On appeal, the Reserve claims that the Tax Court erred in: (i) incorrectly characterizing the policies as over-coverage policies; (ii) a conclusion that the premiums were unreasonable and not negotiated freely; and (iii) considers that Reserve is not managed as an insurance company as it is managed by Capstone. The tenth chain disagreed. First, he concluded that the Tax Court had not misread the Reserve direct policies issued to Peak. It was clear that direct policies apply only after all other insurance coverage has been exhausted. Second, the Tax Court correctly concluded that the policy premiums were unreasonable and not negotiated freely, as the premiums were four times higher than Peak’s trade policies and the Reserve did not provide an explanation for how it calculated the risks. Finally, the Tax Court is justified in concluding that Reserve did not operate as an insurance company because it had no employees; he never did business in Anguilla; his president knew nothing of his operations; and failed to investigate the only lawsuit he received before paying approximately $ 340,000. It was therefore clear that Reserve’s policies were not insurance in the conventional sense.


Reserve’s direct policies and PoolRe’s risk pool included a number of case-specific flaws. But Reserve Mechanical could strengthen the IRS’s determination to stop abuses of micro-captive transactions. Although the court said it did not reach an opinion on the legitimacy of pooling risks in general, the case set a high bar for microinsurance insurance companies in determining the distribution of risk. Taxpayers involved in micro-retention transactions may wish to consult with their tax advisor to understand how Reserve Mechanical affects them.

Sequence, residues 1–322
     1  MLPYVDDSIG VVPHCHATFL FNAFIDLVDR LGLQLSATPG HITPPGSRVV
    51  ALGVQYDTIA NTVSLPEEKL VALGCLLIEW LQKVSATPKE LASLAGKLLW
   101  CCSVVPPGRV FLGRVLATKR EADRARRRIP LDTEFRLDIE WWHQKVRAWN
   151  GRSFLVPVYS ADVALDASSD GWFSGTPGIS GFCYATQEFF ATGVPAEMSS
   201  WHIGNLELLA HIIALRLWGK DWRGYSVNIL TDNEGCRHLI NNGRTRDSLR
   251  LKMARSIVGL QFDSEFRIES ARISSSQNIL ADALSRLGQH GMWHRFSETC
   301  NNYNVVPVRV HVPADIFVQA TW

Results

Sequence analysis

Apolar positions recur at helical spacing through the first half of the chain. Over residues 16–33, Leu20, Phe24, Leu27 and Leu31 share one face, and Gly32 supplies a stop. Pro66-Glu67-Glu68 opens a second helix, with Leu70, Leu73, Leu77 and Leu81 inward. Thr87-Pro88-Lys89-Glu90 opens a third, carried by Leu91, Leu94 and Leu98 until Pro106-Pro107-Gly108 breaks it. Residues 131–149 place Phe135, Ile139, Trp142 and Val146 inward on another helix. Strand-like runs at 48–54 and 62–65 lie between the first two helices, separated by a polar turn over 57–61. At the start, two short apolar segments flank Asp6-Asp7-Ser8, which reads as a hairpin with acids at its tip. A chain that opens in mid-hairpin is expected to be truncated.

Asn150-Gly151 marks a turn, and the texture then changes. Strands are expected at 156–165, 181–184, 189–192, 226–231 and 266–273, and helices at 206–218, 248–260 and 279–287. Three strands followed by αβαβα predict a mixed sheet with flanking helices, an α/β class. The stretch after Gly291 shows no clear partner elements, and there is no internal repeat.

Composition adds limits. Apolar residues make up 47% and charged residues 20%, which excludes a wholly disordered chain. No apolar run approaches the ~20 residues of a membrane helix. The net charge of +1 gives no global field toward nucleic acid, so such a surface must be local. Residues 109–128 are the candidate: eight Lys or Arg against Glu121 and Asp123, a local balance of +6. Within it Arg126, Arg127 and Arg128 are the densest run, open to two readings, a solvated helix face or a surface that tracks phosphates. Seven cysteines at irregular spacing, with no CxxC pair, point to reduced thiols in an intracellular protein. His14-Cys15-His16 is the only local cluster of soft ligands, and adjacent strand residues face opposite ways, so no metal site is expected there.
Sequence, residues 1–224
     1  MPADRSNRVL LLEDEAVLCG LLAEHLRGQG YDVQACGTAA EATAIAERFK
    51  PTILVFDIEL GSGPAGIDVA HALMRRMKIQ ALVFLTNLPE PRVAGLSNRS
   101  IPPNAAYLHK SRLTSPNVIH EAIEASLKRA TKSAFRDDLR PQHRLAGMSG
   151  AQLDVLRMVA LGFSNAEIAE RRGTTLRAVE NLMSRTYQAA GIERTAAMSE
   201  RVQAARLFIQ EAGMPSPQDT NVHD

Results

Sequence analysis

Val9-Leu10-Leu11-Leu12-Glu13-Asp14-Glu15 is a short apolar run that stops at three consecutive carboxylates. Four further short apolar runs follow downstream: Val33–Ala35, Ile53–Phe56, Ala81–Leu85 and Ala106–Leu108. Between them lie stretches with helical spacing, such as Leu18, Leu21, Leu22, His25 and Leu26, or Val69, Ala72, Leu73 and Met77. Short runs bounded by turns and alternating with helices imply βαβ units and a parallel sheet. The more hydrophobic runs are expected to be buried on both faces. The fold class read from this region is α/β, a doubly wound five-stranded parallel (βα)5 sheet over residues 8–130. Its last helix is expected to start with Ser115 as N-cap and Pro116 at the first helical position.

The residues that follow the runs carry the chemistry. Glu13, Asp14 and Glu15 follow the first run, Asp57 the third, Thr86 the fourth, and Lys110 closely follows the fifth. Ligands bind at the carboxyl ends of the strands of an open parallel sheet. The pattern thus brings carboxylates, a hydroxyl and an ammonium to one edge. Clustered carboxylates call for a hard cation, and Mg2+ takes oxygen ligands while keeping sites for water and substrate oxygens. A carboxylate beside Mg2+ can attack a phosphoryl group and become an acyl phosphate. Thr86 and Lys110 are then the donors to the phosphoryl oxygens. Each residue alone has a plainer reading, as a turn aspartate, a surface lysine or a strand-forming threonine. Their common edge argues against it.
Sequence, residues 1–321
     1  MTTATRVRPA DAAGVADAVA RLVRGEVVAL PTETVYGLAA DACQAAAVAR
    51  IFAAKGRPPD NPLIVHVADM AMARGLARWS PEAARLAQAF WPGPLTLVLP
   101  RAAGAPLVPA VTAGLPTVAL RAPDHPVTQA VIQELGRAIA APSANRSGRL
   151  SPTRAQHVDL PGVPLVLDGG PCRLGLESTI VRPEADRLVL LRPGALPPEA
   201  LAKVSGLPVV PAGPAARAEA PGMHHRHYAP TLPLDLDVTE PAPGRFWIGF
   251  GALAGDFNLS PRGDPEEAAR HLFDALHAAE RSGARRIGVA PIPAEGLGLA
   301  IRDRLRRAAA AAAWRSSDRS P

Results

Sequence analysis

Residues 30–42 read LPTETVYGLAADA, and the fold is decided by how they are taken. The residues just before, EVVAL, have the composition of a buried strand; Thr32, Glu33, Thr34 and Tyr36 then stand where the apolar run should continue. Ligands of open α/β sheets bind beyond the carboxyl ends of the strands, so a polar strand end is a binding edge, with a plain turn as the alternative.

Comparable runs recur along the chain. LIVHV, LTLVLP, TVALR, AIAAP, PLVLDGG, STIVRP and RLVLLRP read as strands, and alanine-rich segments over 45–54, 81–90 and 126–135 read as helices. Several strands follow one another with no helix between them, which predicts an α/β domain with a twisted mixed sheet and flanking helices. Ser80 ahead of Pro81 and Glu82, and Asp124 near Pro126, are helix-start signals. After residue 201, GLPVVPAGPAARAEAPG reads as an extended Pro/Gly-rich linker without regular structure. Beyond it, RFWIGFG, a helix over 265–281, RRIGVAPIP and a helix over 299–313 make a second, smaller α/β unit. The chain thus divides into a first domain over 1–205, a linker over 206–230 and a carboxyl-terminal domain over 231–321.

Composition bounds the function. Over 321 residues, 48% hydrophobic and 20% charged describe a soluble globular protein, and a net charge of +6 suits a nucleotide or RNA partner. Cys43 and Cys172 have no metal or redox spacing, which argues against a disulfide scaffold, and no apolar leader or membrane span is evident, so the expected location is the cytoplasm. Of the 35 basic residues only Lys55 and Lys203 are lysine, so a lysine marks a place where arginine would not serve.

[1] 129 AFTR 2d 2022-1804 (10th round 2022).

[2]CIC Services, LLC v IRS, Case No. 3: 17-cv-110 (ED Tenn. 21 March 2022). Alert to SeeGT, the Court annulled the 2016-66 notice on micro-retention transactions, the second time the IRS notice was released this month.

[3] TC Note 2018-86 (2018).

[4]Harper Grp. v. Comm’r, 96 TC 45 (1991), aff 979 F.2d 1341 (9th Cir. 1992).

© 2022 Greenberg Traurig, LLP. All rights reserved. National Review of Law, Volume XII, Number 172